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April 11, 2024Hartford, CT, United StatesEnforcement and Removal

ERO Boston arrests Dominican national convicted of drug trafficking offenses in 3 states

Local jurisdiction failed to honor an immigration detainer and released the convicted felon from custody

HARTFORD, Conn. — Enforcement and Removal Operations (ERO) Boston apprehended a Dominican national convicted of drug trafficking felonies in three U.S. states. Deportation officers from ERO Boston’s Hartford field office arrested the 41-year-old March 21 in Meriden.

Connecticut state authorities ignored a U.S. Immigration and Customs Enforcement (ICE) immigration detainer and released the Dominican native despite his previous removal from the United States and previous convictions for drug trafficking offenses in Alaska, Texas and Connecticut. The March 21 arrest was part of a nationwide law enforcement operation focused on arresting unlawfully present drug offenders. The national operation took place from March 11 through March 26 and resulted in the apprehension of 216 unlawfully present drug offenders convicted of drug trafficking or multiple drug possession related offenses involving methamphetamine, fentanyl, cocaine, heroin and synthetic drugs.

“Despite our placement of an immigration detainer seeking custody of this convicted drug trafficker, authorities in Connecticut released him from custody onto the streets of our community,” said ERO Boston Field Office Director Todd M. Lyons. “I am proud of the dedicated work of our ERO Boston team tasked with re-apprehending this noncitizen drug offender. ERO Boston stands ready to work with our state and local partners to help protect our New England neighborhoods from such public safety threats.”

The Dominican national unlawfully entered the United States at an unknown location without being inspected, admitted or paroled by a U.S. immigration official sometime prior to August 2001.

In July 2002, a federal district court in Alaska found him guilty of possession with intent to distribute a controlled substance (cocaine) and sentenced him to three years of incarceration.

In September 2002, police in Houston, Texas, arrested him on charges of delivery of a controlled substance (cocaine).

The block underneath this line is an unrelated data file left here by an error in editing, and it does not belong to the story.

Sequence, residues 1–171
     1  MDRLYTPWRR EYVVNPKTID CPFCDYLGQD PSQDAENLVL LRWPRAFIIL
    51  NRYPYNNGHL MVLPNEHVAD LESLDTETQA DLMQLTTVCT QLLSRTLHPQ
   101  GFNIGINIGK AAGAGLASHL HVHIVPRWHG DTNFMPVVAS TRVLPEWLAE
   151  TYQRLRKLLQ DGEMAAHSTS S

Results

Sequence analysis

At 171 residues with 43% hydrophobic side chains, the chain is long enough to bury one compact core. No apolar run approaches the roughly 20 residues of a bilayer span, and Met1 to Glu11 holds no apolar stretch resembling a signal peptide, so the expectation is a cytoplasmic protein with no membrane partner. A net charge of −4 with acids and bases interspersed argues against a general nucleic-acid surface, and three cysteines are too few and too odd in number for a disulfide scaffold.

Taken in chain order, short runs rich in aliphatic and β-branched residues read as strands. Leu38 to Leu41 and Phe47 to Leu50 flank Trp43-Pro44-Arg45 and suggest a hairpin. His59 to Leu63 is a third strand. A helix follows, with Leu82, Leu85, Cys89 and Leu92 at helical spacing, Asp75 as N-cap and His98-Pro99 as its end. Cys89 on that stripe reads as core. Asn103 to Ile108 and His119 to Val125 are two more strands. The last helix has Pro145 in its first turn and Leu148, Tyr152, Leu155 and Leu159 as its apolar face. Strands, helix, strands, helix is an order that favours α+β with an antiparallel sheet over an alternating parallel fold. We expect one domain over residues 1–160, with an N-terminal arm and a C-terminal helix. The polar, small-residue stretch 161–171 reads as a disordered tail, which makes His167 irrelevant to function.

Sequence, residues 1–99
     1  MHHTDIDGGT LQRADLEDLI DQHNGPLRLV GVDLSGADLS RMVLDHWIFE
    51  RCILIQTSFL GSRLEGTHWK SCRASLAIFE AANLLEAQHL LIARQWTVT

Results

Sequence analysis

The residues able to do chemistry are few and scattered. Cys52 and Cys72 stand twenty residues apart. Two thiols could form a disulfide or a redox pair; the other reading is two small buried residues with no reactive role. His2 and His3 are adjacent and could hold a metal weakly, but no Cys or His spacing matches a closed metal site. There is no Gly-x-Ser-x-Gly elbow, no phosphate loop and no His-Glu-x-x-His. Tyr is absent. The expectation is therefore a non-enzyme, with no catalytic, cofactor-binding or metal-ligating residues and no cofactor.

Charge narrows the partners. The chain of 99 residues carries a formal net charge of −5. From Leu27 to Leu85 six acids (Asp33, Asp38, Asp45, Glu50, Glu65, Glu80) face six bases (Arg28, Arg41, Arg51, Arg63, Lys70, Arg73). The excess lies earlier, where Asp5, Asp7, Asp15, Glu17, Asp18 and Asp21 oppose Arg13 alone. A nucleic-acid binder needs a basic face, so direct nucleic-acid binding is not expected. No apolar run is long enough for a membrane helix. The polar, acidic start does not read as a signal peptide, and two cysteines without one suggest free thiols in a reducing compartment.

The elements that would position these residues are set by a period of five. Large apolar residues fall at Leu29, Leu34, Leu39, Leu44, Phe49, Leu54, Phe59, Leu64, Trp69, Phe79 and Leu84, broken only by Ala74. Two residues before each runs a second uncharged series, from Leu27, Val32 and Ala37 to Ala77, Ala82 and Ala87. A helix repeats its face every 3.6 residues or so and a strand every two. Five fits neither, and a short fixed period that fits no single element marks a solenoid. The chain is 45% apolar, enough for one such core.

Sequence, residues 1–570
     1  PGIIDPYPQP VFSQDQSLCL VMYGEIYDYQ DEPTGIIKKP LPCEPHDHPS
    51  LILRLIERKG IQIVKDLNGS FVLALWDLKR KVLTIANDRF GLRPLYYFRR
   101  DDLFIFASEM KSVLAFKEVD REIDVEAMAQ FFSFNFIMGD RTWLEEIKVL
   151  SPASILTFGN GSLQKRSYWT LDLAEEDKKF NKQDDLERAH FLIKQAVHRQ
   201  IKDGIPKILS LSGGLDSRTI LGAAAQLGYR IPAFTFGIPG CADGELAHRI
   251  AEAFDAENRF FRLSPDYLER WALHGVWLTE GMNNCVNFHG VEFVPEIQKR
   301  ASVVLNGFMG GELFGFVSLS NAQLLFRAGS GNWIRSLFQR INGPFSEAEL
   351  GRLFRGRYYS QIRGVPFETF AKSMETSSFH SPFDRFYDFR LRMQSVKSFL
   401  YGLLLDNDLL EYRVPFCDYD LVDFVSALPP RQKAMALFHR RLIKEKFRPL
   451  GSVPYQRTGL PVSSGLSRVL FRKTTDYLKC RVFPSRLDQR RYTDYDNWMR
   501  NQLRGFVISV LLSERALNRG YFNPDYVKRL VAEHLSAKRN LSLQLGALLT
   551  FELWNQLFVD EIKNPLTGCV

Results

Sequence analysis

On July 28, 2003, a Department of Justice (DOJ) immigration judge in San Antonio, Texas, ordered the Dominican citizen removed from the United States.

In December 2003, a Houston, Texas, court found him guilty of the narcotics offense and sentenced him to 15 years in Texas state prison.

ICE removed the Dominican national Aug. 5, 2009. However, he unlawfully reentered the United States at an unknown location on an unknown date without having been inspected, admitted or paroled by a U.S. immigration official.

On April 19, 2018, Danbury police arrested him for the sale of narcotics (cocaine). While in state custody, deportation officers from ERO Boston’s Hartford field office lodged an immigration detainer seeking his custody. In December 2018, while he was in Connecticut state custody, ERO Boston charged him with illegal reentry of a removed alien.

The U.S. District Court for the District of Connecticut found him guilty of illegal reentry of a removed alien April 20, 2019, and sentenced him to time served. The Dominican national’s federal time was served consecutively with his state sentence.

In May 2019, the Connecticut Superior Court in Danbury him guilty of the sale of narcotics (cocaine).

Despite the existence of an active immigration detainer, Connecticut state authorities released the Dominican national on parole April 21, 2020. Connecticut authorities failed to notify ICE of his release.

On March 21, 2024, ERO Boston officers from Hartford arrested him on federal immigration charges in Meriden. He will remain in ICE custody pending his removal from the United States.

ERO conducts removals of individuals without a lawful basis to remain in the United States, including at the order of immigration judges with the Justice Department’s Executive Office for Immigration Review (EOIR). EOIR is a separate entity from the Department of Homeland Security and ICE. Immigration judges in these courts make decisions based on the merits of each individual case, determining if a noncitizen is subject to a final order of removal or eligible for certain forms of relief from removal.

As one of ICE’s three operational directorates, ERO is the principal federal law enforcement authority in charge of domestic immigration enforcement. ERO’s mission is to protect the homeland through the arrest and removal of those who undermine the safety of U.S. communities and the integrity of U.S. immigration laws, and its primary areas of focus are interior enforcement operations, management of the agency’s detained and non-detained populations, and repatriation of noncitizens who have received final orders of removal. ERO’s workforce consists of more than 7,700 law enforcement and non-law enforcement support personnel across 25 domestic field offices and 208 locations nationwide, 30 overseas postings, and multiple temporary duty travel assignments along the border.

Members of the public can report crime and suspicious activity by calling 866-DHS-2-ICE (866-347-2423) or completing the ICE online tip form.

Learn more about ERO Boston’s mission to increase public safety in our New England communities on X, formerly known as Twitter, at @EROBoston.